EIR flaw of the month

To download the complete comment from California Department of Fish and Wildlife, click here.

In what may become a regular feature, we reprint comments on the Draft EIR for the desal project. A look at some of the 400 comments from agencies, experts, and the public lead us to conclude that the Draft EIR is flawed beyond repair. If the City chooses to spend more money on “fixing” the flaws for a final EIR, the only credible result would be a fair assessment of alternatives to the project, and a conclusion that the project is not needed.

In this newsletter we feature the comment from the California Department of Fish and Wildlife (CDFW):

“Without an accurate representation of the effects of the different flow proposals on the City’s water supply, the analysis provided in the draft EIR may not be sufficient to support statements that the bypass flows in the Habitat Conservation Plan will have a significant impact on the City’s water supply or that alternative infrastructure improvements are not sufficient to provide water reliability.”

Background

The Water Department has claimed that the City’s Habitat Conservation Plan, which calls for leaving more water in the streams for fish habitat, will reduce our water supply by 25%. In their comment, the CDFW argues that the City’s water supply analysis “may not be sufficient to support statements that the bypass flows in the Habitat Conservation Plan will have significant impact on the City’s water supply”. The CDFW is in a unique position to make this critique. DFW is the only entity that has been privy to the assumptions and methodology of the City’s supply and demand analysis.

The City’s supply and demand analysis has been the justification for the desal plant since 2003, when a worst-case drought shortfall of 45% was predicted. Despite evidence that water demand was dropping precipitously, the Water Department stuck with the 45% shortfall prediction until 2011. The Urban Water Management Plan of that year revised the estimated worst-case shortfall to 39%. That estimate included a proposal for increased flows in area streams.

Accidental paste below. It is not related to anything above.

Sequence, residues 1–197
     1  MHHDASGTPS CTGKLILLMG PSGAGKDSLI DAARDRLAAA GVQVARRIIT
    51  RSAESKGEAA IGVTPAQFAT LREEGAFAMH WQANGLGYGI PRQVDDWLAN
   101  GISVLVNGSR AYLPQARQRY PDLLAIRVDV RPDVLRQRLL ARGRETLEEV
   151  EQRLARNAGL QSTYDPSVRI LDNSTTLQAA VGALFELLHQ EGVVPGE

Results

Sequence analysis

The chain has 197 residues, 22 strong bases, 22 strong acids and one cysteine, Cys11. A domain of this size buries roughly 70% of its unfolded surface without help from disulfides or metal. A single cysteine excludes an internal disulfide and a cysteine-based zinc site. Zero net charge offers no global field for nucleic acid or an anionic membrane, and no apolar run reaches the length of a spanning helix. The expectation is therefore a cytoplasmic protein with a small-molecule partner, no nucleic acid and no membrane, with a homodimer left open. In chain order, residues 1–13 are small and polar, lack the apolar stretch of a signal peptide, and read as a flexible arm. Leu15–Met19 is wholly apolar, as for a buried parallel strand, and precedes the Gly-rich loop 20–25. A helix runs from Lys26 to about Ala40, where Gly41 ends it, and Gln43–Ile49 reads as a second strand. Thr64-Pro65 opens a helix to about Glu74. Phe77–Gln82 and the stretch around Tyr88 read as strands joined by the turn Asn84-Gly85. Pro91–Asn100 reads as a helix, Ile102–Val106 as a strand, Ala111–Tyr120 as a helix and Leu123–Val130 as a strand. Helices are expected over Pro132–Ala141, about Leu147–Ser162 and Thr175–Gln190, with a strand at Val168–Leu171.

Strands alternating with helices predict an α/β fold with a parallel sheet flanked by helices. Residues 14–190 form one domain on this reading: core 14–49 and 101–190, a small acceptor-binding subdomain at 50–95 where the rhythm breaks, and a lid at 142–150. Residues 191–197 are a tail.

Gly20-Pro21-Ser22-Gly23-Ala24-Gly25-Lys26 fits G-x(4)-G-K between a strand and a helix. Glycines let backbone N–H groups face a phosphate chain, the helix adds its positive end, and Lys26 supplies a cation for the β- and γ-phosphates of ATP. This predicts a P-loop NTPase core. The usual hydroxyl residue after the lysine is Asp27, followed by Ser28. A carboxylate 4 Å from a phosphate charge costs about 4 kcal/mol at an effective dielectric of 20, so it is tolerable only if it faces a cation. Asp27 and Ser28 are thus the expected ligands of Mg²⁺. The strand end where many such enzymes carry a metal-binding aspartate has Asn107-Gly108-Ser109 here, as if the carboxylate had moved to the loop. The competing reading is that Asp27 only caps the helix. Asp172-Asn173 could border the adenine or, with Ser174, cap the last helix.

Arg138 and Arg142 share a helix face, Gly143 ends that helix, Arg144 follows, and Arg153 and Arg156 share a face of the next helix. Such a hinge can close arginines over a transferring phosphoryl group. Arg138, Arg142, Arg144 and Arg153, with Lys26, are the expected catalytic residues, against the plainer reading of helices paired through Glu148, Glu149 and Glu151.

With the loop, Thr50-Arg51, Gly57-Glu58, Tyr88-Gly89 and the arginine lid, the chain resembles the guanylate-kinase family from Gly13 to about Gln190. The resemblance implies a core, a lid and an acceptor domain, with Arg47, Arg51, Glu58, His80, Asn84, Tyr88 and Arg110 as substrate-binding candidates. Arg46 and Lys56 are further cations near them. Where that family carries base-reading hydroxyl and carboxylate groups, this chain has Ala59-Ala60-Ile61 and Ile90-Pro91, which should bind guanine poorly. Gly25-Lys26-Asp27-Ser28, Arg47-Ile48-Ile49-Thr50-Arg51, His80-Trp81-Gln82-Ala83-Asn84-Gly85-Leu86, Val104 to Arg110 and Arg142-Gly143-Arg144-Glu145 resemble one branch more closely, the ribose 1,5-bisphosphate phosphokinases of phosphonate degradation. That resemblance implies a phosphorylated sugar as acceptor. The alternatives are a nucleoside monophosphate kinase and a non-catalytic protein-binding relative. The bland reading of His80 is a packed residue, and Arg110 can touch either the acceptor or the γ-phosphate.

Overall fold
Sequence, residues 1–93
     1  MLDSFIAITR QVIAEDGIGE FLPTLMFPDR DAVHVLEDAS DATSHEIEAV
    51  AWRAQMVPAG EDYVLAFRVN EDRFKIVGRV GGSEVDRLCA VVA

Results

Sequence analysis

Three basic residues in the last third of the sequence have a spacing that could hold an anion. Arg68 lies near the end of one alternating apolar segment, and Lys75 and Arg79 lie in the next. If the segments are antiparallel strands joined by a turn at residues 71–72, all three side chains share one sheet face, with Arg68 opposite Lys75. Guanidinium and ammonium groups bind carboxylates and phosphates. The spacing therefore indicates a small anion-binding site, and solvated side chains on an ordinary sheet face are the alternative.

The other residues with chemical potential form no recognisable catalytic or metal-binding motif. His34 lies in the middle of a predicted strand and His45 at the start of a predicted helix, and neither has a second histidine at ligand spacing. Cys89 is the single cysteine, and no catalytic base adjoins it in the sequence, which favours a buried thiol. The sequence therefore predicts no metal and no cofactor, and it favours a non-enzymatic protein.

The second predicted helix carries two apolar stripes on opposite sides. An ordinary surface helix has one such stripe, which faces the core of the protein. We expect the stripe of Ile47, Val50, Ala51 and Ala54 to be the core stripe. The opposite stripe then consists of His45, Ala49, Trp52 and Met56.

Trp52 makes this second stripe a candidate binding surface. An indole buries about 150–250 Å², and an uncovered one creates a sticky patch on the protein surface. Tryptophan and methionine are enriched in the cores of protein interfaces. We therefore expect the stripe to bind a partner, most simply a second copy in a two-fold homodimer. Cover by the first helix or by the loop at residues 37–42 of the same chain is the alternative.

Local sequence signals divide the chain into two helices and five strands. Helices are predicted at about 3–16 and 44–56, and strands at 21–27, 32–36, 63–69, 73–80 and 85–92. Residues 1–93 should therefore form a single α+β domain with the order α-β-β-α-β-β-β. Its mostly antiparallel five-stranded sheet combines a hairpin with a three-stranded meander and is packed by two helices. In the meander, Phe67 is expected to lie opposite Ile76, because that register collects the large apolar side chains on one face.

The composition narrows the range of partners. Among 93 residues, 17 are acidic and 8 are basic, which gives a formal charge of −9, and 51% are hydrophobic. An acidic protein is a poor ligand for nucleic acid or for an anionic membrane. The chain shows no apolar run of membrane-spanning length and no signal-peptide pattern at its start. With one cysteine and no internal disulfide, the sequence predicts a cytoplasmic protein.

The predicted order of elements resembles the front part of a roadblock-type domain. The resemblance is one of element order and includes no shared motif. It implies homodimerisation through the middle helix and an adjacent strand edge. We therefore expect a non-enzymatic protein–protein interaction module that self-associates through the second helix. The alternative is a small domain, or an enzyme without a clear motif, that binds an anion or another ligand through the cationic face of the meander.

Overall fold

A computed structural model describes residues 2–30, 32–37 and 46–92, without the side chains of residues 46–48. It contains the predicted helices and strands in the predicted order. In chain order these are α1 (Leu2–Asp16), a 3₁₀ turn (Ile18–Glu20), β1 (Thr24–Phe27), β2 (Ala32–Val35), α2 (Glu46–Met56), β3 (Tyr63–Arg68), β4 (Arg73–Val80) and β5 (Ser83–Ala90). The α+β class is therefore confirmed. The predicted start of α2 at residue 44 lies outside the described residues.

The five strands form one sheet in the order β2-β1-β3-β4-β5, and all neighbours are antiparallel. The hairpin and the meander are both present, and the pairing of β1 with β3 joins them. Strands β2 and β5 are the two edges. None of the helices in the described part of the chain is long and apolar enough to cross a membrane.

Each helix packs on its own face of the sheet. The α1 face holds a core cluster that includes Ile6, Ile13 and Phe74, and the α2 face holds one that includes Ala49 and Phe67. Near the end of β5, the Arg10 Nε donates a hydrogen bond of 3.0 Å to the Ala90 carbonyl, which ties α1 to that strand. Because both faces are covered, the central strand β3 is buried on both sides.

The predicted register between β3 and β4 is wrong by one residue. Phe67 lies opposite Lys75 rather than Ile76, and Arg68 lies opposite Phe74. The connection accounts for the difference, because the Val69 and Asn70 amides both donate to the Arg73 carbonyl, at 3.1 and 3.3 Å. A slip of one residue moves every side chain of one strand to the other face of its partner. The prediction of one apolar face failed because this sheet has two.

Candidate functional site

With the publication of the Draft EIR, the worst-case drought shortfall has been revised to 29%. Paradoxically, this lower shortfall estimate was based on leaving even more water in the streams for fish than proposed in 2011.

How is it possible that now we have more water for fish and better drought security for water customers? (not that we’re complaining that the City has found more water)

We didn’t know the answer to that question until reading the CDFW comment letter. The CDFW has been telling the Water Department to:

1. revise its data set for stream flow conditions.  “In December 2012, CDFW informed the City that the…data set… was incorrect.”

2. revise the assumptions used in the City’s “Confluence” modeling of water supply conditions. “The result of modifying these rule curves was… significant increases in critically-dry year reservoir  production in all scenarios.”

Here’s the knockout blow to the EIR:

“Although the City has since updated the Tier 2/3 data set and modified rule curves for its discussion with the Agencies, it does not appear that the corrected data input files and Confluence™ model assumptions were used for the Appendix C Technical Memorandum analysis provided in the draft EIR.”

It’s disturbing to think that the water supply and demand modeling, which has been fundamental to the argument for desalination, could be subject to grave error. Desal Alternatives asked in its comment on the dEIR, “How are elected decision makers to decide on spending millions of ratepayer money when the estimates of drought risk fluctuate dramatically and incomprehensibly?” Thanks to the CDFW it’s not so incomprehensible any more.

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